A native of Uruguay, Diego Piñera found access to his favorite instrument, the drums, already at the age of five, whose technique his parents made him learn from scratch. The drummer's trademark is the use of odd meters, the basis of jazz, which in his latest album, fittingly titled Odd Wisdom, is appropriately idiosyncratic and differs significantly from his previous album on the ACT label, which was deeply rooted in the Latin tradition and based on corresponding " well-behaved" meters. Now as Diego Piñera can position himself for the first time unhindered with his much-loved meters on an album that was recorded shortly before the first lockdown in a New York studio in say and shout a single day. This par force tour was made possible by enlisting the help of an elite group of jazz musicians from the U.S. East Coast, for whom the odd meters prescribed by the drummer posed no problem, but rather had a motivating effect. The group included saxophonist Donny McCaslin, who was a member of Gary Burton's quintet, guitarist Ben Monder, who was a member of the Maria Schneider Jazz Orchestra, the Lee Konitz New Nonet and Paul Motian's Electric Bebop Band, and bassist Scott Colley, who has performed with musicians such as Herbie Hancock, Dizzy Gillespie, Clifford Jordan, Roy Hargrove and Art Farmer.
The album opener "Clave Tune," for example, proves to be a high-wire act of a tune. Throughout all ten tracks on the album, there is not a groove to be found that does not captivate the listener. Especially the pieces originating from Piñera with their complex polyrhythms shine with full commitment not only of the drummer, but also of his fellow musicians. "Clave Tune" surprises with constantly reinventing itself stylistically over eight minutes. "Domingo" shines with highly professional smoothness. With "Robotic Night" the listener finds himself in the electro drum sound of the eighties. With the ballad "Space", Odd Wisdom moves into pure simplicity in the form of a melody that, for all its simplicity, is deeply felt and portrayed by all the musicians on the album. And after so much ingenuity, it is no wonder that Piñera manages to give the well-known track "Blue Monk" a completely new gear thanks to a weird rhythm.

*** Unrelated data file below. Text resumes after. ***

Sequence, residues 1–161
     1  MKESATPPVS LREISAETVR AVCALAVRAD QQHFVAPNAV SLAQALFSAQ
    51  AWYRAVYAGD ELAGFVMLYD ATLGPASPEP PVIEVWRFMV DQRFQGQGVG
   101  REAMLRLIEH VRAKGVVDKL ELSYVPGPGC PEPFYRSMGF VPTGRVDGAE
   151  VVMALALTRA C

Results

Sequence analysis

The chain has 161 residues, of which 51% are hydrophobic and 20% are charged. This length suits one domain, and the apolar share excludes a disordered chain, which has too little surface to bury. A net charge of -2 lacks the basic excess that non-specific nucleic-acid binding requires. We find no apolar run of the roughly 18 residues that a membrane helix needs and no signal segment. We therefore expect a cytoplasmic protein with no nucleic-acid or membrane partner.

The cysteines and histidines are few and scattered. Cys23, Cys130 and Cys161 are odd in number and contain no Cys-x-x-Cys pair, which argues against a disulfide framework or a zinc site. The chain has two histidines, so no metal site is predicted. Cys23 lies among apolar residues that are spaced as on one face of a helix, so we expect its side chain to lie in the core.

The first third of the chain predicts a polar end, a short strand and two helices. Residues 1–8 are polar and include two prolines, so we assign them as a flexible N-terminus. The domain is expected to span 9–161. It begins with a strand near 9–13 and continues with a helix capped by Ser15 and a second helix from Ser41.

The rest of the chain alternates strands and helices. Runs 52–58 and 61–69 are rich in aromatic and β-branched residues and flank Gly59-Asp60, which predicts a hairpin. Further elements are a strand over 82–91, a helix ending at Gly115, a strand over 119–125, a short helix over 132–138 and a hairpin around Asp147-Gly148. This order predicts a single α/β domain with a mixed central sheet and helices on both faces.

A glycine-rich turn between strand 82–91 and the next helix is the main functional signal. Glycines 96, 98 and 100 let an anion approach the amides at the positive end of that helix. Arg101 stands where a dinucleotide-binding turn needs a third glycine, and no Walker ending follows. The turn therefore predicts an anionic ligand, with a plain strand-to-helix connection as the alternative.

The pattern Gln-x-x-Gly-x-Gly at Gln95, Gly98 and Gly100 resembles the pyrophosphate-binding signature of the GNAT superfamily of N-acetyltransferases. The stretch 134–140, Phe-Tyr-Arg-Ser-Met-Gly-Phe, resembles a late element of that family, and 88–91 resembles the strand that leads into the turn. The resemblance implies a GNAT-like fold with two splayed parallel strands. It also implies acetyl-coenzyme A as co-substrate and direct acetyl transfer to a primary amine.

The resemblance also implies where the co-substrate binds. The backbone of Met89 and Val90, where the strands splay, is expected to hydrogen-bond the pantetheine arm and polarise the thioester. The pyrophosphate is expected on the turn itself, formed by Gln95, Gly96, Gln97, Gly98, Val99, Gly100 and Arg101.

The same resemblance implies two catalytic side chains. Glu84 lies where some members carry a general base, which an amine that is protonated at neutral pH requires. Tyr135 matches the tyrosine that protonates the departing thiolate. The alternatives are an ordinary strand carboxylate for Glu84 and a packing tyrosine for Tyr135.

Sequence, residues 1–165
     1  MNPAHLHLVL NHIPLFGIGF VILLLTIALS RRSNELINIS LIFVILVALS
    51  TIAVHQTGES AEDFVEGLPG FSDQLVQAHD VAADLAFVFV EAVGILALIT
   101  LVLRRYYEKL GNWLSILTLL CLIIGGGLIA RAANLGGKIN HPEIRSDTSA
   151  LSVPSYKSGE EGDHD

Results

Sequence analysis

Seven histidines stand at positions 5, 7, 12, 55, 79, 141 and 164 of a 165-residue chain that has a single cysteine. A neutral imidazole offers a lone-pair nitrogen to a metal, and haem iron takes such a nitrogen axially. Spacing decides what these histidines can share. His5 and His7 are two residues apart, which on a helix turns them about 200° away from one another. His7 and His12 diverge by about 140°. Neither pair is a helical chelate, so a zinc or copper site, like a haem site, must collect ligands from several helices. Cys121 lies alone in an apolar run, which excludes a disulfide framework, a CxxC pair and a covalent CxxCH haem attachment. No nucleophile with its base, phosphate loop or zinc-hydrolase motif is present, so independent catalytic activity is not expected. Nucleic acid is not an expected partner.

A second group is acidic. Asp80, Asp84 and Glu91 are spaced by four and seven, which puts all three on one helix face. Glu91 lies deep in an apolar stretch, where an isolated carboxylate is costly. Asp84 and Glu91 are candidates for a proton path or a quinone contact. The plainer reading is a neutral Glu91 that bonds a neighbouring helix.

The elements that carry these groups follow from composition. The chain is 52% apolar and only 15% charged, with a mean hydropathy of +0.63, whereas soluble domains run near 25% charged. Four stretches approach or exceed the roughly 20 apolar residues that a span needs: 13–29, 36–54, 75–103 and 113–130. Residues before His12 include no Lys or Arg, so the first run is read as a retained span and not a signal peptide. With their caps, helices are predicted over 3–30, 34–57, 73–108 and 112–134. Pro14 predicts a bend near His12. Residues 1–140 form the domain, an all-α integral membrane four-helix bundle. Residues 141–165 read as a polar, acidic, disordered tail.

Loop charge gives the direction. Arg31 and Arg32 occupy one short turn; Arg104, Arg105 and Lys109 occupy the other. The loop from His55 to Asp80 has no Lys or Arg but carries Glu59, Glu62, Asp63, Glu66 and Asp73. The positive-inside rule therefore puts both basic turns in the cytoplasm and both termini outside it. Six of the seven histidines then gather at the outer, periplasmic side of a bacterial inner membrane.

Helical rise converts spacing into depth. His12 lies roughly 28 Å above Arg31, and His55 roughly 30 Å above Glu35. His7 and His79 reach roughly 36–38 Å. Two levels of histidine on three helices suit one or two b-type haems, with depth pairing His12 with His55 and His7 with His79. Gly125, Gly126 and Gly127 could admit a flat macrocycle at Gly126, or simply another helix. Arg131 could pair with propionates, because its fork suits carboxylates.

Admirably, on Odd Wisdom Diego Piñera accomplishes the feat of staking his very own claim within the framework of experimental jazz, the gold vein of which is worth mining in future albums to the delight of experimental jazz devotees.
Diego Pinera, drums
Donny McCaslin, saxophone
Ben Monder, guitar
Scott Colley, bass